Tuesday, June 19, 2012

Love Hurts: A Man and a Woman (1966) ✭✭✭✭ 1/2

Claude Lelouch’s A Man and a Woman from 1966 was one of those rare films that pleased audiences and critics alike. The film nabbed the Palme d’Or and two Oscars while playing to crowded theaters worldwide. And over the years it has remained a popular property, generating over 6 million dollars in home video rentals. These days, film scholars consider Lelouch something of a lightweight, never awarding him the gravitas of Truffaut or Godard, his nouvelle vague brethren. But A Man and a Woman was a highly influential movie, especially to Hollywood filmmakers who admired its near perfect balance of entertainment and innovation.

While generically described as a romantic drama, A Man and a Woman reduces the genre to a study of specific moments in the formation of a love affair. The film deals more with the mental and emotional processes of falling in love than actually being in love. The couple in question, champion race car driver Jean-Louis (Jean-Louis Trintignant) and script supervisor Anne (Anouk Aimèe) spend relatively little time together onscreen - just a few Sunday afternoons - yet memories of these brief reveries fill their weekdays like a ghostly presence. The couple is only separate on the physical plane, as new passions fill their damaged souls.

Lelouch’s stylish direction, complete with memory sequences, color shifting and music- cued montages, speaks a language that has become standard, some could say trite, filmmaker vocabulary. But here Lelouch wields the tools with skill and assurance, supporting and deepening the film’s existential air. Whenever the film threatens to become a bit too precious, Lelouch cleverly ups the ante with exciting scenes from the race track, including a harrowing nighttime sequence depicting the Monte Carlo Rally. But these are not mere empty thrills, for Jean-Louis and Anne will find the twisting course of love an even more perilous navigation.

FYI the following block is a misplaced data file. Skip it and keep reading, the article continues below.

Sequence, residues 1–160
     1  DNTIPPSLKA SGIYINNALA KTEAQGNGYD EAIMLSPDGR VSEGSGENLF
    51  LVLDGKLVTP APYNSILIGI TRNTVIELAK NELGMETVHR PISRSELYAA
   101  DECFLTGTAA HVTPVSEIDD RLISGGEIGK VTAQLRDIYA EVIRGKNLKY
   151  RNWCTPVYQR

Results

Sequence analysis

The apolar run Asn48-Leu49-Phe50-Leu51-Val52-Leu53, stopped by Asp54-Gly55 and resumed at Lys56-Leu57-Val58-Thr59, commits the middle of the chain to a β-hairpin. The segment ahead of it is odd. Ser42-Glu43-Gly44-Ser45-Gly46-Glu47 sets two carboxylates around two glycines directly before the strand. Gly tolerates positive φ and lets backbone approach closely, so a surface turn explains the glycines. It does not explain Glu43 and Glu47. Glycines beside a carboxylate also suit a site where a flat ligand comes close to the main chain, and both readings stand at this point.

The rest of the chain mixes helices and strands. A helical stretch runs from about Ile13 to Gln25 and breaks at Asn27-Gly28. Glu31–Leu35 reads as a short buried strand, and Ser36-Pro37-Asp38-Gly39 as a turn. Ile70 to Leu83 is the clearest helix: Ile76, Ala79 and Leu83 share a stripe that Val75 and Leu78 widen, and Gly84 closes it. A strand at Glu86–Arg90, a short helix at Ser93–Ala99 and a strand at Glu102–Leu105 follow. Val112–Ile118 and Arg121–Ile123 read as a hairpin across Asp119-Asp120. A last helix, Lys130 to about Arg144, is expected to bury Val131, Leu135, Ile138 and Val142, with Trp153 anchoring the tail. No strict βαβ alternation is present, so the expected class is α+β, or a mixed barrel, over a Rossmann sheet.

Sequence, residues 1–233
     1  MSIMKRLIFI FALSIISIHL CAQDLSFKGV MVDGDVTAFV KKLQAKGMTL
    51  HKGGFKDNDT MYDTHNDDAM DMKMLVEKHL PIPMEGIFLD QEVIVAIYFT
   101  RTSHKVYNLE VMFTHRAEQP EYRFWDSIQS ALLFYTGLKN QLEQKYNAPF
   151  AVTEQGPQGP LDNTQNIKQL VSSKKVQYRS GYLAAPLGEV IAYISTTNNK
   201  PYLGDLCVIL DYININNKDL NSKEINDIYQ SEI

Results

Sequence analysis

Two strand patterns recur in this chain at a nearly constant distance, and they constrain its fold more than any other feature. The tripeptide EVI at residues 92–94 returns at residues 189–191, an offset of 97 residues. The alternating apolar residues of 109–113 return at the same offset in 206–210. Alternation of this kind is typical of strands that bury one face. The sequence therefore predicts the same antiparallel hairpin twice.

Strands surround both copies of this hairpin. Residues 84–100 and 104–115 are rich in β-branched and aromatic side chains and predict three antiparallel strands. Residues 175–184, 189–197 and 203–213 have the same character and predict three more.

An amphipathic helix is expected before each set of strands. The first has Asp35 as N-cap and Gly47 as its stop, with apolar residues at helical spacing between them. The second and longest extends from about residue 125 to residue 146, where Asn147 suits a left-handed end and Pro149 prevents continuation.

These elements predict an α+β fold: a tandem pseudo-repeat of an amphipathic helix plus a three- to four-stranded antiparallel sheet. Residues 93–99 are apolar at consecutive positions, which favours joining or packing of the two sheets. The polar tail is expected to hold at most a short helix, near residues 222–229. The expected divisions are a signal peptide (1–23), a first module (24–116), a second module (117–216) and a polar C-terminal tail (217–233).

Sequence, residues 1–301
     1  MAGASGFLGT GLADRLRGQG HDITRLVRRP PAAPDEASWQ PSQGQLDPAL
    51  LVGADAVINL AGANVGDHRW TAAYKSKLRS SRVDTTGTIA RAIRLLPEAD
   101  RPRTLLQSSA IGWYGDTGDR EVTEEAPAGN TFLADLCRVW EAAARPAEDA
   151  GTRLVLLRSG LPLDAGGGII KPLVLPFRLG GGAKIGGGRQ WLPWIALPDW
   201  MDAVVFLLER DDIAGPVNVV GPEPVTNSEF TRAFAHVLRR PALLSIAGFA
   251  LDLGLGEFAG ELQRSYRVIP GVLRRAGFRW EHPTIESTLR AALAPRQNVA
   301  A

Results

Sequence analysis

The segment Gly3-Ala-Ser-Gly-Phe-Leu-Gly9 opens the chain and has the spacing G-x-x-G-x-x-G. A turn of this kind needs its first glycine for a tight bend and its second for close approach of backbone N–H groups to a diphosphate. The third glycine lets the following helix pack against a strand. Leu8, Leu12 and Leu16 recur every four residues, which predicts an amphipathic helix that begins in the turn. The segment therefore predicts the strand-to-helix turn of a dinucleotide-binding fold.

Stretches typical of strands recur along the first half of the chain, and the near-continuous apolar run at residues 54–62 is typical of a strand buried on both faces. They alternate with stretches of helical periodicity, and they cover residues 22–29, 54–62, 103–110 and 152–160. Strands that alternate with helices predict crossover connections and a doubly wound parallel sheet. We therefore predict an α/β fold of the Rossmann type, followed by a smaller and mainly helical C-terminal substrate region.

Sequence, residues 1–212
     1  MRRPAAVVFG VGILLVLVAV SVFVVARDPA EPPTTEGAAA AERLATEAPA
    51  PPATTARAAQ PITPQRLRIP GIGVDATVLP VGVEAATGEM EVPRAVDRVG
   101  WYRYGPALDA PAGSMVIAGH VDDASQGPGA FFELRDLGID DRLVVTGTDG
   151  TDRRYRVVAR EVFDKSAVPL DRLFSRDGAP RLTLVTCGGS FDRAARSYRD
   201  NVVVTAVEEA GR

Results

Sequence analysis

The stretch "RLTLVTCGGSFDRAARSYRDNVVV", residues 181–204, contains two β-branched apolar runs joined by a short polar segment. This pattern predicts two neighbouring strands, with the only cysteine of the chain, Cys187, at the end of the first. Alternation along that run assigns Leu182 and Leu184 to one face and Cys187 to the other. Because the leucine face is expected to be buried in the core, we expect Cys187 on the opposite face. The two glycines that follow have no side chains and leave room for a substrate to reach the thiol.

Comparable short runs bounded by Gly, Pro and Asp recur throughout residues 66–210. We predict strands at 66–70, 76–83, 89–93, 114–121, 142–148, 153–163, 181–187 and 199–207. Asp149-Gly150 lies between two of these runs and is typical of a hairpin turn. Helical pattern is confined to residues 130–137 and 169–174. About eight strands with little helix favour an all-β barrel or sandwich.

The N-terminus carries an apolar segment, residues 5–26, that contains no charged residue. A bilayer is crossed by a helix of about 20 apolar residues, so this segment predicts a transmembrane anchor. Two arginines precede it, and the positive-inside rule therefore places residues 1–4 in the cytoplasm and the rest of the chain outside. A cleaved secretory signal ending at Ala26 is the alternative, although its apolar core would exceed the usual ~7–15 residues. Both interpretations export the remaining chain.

In a rarity for a 1966 production, today finds all the principles alive, well and still productive. Lelouch has created an extensive filmography, although he has yet to match A Man and a Woman’s commercial success. Composer Francis Lai, whose portfolio contains a number of hit themes - Love Story among them - is scoring Lelouch’s new film Les chemins de l'orgueil currently in production. Anouk Aimèe’s career has found new traction as a character actress, lending her elegant air to several recent French comedies. And Jean-Louis Tringinant, having won accolades at Cannes last month for his work in Haneke’s Amor is poised for a new round of international success.

Its influence extending to such iconic films as Midnight Cowboy,  Butch Cassidy and the Sundance Kid and countless music videos of the 1980’s and 90’s, A Man and a Woman continues to be relevant and rewarding. Neither nihilist nor fluffy, the film ultimately resolves with an honest appraisal of love’s dangers, and the courage required by lovers to venture on. Jean-Louis and Anne may not be a match made in heaven, but within the realm of flawed humanity they could do a lot worse.



Deborah said...

Simply a classic. Glad you rate it so highly. You only have to hear the first few bars of the theme song, and it all comes flooding back!

danyulengelke said...

Great review!

We're linking to your article for Academy Monday at SeminalCinemaOutfit.com

Keep up the good work!

Bunched Undies said...

Adding you to my blogroll

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